Kiwi woman Migoto Eria heads to Japan to find pāpā who went missing 40 years ago

A Māori Japanese woman travels to Japan to search for her long-lost father who disappeared 40 years ago. 

Back in 1983, there was no internet, no social media and no texting. Communicating with loved ones overseas mostly involved writing letters. 

When Migoto Eria recently began searching for her Japanese father, hand-written letters from him preserved by her late mother for 40 years were her only precious clues. 

Osamu Nakamoto met Rangi Eria in the early 1980s and the pair fell in love. Migoto was the result. 

Nakamoto was working as an engineer on board the Sunny Napier - a ship transporting logs from Napier to the Japanese port city of Tomakomai. 

But wherever he was in the world, Nakamoto kept in touch. 

Migoto remembers as a child getting late-night calls from her father. 

"I remember hearing his voice, and I'd just stand there and listen," she said. 

She last saw her father when she was three years old and when she was six, the phone calls and gifts ceased. 

But after the death of her mother, Rangi, and having started her own family, Migoto is ready to embark on a journey to find her father. 

"This is the right time to be doing this," she acknowledged. 

"Being a bit older, being a mum, married now and particularly after my mother's passing -  time is very short."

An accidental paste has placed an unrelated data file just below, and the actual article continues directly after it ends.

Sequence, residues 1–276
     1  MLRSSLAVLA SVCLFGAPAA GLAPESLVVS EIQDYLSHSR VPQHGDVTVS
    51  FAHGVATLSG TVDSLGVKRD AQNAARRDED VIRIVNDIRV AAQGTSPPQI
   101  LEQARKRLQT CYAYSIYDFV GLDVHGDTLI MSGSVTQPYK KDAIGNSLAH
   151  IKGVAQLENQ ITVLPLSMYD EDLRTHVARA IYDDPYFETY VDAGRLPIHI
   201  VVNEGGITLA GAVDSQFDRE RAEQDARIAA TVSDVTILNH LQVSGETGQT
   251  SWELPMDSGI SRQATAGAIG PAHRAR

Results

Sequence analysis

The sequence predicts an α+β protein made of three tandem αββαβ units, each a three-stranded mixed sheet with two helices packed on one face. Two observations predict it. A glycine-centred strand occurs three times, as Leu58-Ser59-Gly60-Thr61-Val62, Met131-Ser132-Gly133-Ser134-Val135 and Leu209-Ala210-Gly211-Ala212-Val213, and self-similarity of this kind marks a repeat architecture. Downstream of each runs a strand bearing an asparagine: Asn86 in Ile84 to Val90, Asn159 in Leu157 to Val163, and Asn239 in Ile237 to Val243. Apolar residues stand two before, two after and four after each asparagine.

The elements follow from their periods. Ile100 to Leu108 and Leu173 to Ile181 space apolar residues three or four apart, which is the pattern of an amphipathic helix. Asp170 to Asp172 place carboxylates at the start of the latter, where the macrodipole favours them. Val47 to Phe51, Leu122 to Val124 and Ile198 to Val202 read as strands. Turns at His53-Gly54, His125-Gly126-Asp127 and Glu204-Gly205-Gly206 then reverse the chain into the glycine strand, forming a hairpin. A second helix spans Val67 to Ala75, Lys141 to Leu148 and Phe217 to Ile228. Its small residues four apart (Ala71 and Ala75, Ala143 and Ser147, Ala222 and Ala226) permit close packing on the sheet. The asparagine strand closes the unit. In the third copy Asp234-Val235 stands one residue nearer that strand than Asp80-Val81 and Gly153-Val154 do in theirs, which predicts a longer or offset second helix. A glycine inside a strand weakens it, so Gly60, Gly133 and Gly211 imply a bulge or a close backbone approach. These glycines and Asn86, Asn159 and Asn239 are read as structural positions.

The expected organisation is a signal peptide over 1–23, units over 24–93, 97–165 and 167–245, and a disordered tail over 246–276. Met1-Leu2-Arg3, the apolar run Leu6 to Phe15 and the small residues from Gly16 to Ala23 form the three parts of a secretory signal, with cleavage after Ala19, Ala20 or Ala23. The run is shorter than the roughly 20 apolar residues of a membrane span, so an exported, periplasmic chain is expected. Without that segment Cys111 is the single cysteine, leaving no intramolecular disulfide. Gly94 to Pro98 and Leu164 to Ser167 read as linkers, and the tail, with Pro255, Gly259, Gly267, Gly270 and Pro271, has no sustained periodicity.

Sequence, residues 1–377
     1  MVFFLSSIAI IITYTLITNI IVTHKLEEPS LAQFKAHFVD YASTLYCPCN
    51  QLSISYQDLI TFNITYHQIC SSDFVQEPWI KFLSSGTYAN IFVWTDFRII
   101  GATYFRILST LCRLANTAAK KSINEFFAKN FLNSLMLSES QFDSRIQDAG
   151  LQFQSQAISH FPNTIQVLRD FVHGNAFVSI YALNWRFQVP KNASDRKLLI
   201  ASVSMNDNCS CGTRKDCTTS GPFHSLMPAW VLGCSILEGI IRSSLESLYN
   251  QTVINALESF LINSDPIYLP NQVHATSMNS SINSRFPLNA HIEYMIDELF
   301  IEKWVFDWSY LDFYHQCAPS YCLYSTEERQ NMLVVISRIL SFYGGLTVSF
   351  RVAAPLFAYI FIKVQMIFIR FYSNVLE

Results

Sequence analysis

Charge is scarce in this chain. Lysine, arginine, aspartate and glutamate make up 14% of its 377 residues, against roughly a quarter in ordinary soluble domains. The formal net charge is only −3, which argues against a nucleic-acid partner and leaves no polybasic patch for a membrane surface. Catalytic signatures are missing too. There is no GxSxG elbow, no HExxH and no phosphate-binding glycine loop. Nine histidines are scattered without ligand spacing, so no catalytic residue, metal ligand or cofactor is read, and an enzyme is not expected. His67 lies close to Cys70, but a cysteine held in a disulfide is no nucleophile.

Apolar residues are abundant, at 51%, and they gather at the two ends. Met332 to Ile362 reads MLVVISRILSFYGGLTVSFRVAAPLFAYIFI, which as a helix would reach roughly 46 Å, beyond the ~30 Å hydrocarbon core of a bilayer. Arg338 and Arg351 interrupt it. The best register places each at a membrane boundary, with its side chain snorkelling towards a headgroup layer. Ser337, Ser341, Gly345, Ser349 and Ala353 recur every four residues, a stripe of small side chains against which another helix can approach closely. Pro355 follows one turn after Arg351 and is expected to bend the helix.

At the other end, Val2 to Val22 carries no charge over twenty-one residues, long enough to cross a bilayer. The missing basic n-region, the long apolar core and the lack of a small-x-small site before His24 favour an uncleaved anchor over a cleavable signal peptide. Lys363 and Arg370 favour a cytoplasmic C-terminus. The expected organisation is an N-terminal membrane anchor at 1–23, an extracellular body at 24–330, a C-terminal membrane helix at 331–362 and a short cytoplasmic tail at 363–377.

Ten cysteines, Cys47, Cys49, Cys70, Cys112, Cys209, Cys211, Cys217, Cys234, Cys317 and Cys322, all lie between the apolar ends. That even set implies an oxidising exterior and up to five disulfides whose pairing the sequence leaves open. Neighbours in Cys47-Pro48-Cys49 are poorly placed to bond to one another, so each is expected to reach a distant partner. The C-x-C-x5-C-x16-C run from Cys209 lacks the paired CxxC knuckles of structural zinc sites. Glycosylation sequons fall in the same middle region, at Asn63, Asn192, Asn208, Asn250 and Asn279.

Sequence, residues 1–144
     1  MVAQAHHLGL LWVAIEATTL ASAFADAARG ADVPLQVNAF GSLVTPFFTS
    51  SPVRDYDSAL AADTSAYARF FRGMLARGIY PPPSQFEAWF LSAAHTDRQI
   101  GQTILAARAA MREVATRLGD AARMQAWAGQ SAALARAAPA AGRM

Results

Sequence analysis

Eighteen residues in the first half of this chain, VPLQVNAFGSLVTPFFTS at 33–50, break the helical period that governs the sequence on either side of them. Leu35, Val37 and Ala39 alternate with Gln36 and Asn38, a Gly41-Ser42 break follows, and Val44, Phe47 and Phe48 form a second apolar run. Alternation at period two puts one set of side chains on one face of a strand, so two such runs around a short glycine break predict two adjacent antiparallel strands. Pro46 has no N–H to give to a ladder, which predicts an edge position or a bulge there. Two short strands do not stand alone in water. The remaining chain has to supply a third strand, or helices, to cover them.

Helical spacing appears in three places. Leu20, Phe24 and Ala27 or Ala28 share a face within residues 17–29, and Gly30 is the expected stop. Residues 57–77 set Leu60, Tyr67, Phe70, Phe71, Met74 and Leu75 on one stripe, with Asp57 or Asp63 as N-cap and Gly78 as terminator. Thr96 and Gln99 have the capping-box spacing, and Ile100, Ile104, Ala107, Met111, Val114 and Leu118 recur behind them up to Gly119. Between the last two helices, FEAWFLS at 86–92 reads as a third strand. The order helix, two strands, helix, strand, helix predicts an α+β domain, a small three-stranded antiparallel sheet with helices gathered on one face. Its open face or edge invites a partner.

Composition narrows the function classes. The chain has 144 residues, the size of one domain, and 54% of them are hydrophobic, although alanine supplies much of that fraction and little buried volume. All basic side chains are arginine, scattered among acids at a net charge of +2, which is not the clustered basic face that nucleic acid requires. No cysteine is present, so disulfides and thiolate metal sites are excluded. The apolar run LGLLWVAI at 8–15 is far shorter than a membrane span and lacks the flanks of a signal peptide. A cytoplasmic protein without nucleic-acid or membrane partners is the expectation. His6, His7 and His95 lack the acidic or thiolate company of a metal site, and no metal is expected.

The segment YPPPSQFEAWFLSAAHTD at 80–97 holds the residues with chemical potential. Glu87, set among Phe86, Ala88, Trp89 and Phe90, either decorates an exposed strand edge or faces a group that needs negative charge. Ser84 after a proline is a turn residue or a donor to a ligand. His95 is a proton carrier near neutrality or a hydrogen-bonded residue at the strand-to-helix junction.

The Tūhoe and Ngāti Kahungunu uri works at Te Papa Tongarewa. Her mahi as the head of Mātauranga Māori aims to connect whanau with long lost taonga.  

Now it's time to make her own connections. 

After Rangi died, Migoto unearthed hand-written letters from her father that were sent in the 1980s. They were letters Migoto had never seen before. 

"I would spend hours reading Nakamoto's letters - there were lots of little clues with emotion and feelings," she said. "Expressing his love for her and a sense of 'it's not finished yet'." 

Using the information in her father's letters as clues - The Hui follows Migoto Eria's journey from her papakainga in Tutira, Hawke's Bay and overseas to Japan. 

"It would be wonderful for my father to know that he has a Māori mokopuna," she said. 

It's a journey with no promise of a fairytale ending. 

"This is a really big opportunity for me and it's worth taking that step - it's worth a chance." 

Watch the three-part story to follow Migoto's search. 

Made with support from Te Mangai Pāho and New Zealand on Air.  

Thanks to Te Papa Tongarewa and Asia New Zealand Foundation for their help in making this story possible.